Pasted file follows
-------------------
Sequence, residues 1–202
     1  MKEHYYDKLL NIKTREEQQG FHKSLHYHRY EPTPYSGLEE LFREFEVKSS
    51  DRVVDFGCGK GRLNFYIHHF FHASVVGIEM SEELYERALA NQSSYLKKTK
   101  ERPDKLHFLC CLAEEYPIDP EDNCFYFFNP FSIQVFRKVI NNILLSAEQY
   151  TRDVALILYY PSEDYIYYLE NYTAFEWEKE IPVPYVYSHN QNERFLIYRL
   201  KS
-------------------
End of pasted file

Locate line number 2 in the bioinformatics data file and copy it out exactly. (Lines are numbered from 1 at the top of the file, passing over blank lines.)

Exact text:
     1  MKEHYYDKLL NIKTREEQQG FHKSLHYHRY EPTPYSGLEE LFREFEVKSS